The running game was important on Sunday, but make no mistake about it. . .Dallas won primarily because they were able to capitalize off of their rushing success in the passing game.

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By Jonathan Bales

Dallas Cowboys Mid-Season Review: Top 5 Over-Performing Players Through Week 9

Jonathan Bales

Over-performing is a difficult term to define because it is linked to preconceived notions.  For Marc Colombo to over-perform, for example, he simply needs to play like an average NFL player.  If Tom Brady played like an average player, he would be under-performing like no one has ever seen.

With that in mind, take a look at the five players I believe are over-performing the most for Dallas in 2011. . .and thus the five players most likely to see a regression in their productivity over the second half of the season.

5. Laurent Robinson

Robinson has made the most of his opportunities in 2011, playing primarily as a starter during injuries to both Dez Bryant and Miles Austin.  To accompany his 368 yards and two scores, Robinson has a catch rate of 72.7%, hauling in all but nine of the 33 passes thrown his way.  His 7.0 YAC/reception is stellar.  Robinson has over-achieved in the sense that those numbers are unlikely to be replicated over the second half of the season.  The Cowboys won’t care, however, if his spot his taken by a healthy Miles Austin.

4. Gerald Sensabaugh

Sensabaugh is a really good player who I rated as one of the top defenders on the team in 2010.  He scored well again in my 2011 Quarter-Season Secondary Grades, and he’s actually played even better since that time.  He’s yielded 12 completions on the year, none of them for touchdowns, while also racking up 35 tackles–good for second on the team.  The Sensabaugh we saw over the first few games of the 2011 season is the “real” one, while the version that has played out of his mind over the last couple games will come back to reality.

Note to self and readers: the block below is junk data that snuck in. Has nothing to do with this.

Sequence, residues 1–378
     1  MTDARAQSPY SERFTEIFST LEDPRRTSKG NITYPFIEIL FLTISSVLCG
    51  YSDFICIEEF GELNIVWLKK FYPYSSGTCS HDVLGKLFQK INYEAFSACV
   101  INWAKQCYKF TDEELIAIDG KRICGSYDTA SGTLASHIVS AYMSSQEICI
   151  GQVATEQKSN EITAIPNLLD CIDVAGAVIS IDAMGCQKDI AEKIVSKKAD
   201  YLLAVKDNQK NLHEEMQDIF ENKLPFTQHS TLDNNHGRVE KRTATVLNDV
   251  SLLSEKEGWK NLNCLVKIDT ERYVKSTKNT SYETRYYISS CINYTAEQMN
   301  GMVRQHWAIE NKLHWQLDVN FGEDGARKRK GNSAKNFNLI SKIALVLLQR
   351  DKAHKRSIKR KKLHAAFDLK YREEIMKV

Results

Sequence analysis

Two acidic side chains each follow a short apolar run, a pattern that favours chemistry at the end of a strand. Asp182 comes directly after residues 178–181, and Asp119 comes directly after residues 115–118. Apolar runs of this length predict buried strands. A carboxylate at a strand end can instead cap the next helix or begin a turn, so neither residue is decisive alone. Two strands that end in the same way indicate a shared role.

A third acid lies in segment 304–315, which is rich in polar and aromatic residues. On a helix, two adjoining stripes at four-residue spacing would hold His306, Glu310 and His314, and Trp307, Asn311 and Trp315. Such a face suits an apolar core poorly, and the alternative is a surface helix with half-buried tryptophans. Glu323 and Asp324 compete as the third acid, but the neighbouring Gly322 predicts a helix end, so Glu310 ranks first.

3. DeMarcus Ware

Shocking?  As I detailed in my article on Ware’s chances of breaking the all-time sack record, he’s recording pressure and sack rates which exceed his career averages.  Ware is going to be an All-Pro type player for years to come, but we can’t expect him to continually record sacks at his current pace.  The difference between Ware and the other guys in this list, though, is that he has the ability to potentially play at this level over the course of an entire season. . .or two. . .or five.

2. Tyron Smith

Outside of a horrific game against the Eagles, Smith has been sensational this season.  He’s been so good that I would venture to argue he’s been the team’s best offensive player.  Smith is rated as the fifth-best offensive tackle in the league by Pro Football Focus.

The 20-year old is bound to go through more difficult times, though, and it will be interesting to see how he responds after putting together two stinkers in a row.

1. DeMarco Murray

After the best three-game stretch in franchise history, it is easy to see why Murray is “over-performing.”  No one expects him to keep up his current pace, regardless of whether Felix Jones comes back soon or not.  Murray should be the feature back when Jones returns, but expect to see a few mediocre performances sprinkled in between 100+ yard outings.

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By Jonathan Bales

The Sportstradamus: Week 10 NFL Game Picks

Jonathan Bales

In Week 9, I went only 7-7 straight up, 8-6 against the spread, 7-6-1 on totals, and 6-3 on best bets.  That brings my records on the season to:

  • 87-43 straight up (66.9%)
  • 67-57-6 against the spread (54.0%)
  • 72-55-2 on totals (56.7%)
  • 40-31-1 on best bets (56.3%)

Week 10

@San Diego 27 (-7) Oakland 17 (UNDER 47.5)***

Pittsburgh 27 (-4) @Cincy 20*** (OVER 41)

@Kansas City 24 (-3) Denver 20 (OVER 41)

Jacksonville 27 (-3.5) @Indy 17 (OVER 37.5)

@Dallas 24 (-4) Buffalo 17 (UNDER 48)***

Houston 28 (-3.5) @Tampa 17*** (UNDER 46)

@Carolina 24 (-3) Tennessee 20 (UNDER 46)***

Washington 17 (+4) @Miami 10***(UNDER 38)***

New Orleans 27 (pk) @Atlanta 20 (UNDER 50)

@Philly 28 Arizona 20 (+14) (OVER 46)

@Chicago 24 Detroit 23 (+3.5) (OVER 45)

St. Louis 14 (+3) @Cleveland 10 (UNDER 38)***

Baltimore 28 (-7) @Seattle 17 (OVER 41)***

New York Giants 23 (+4) San Fran 20*** (OVER 42)

New England 24 (+1) New York Jets 20*** (UNDER 47.5)***

@Green Bay 27 Minnesota 17 (+14) (UNDER 51)***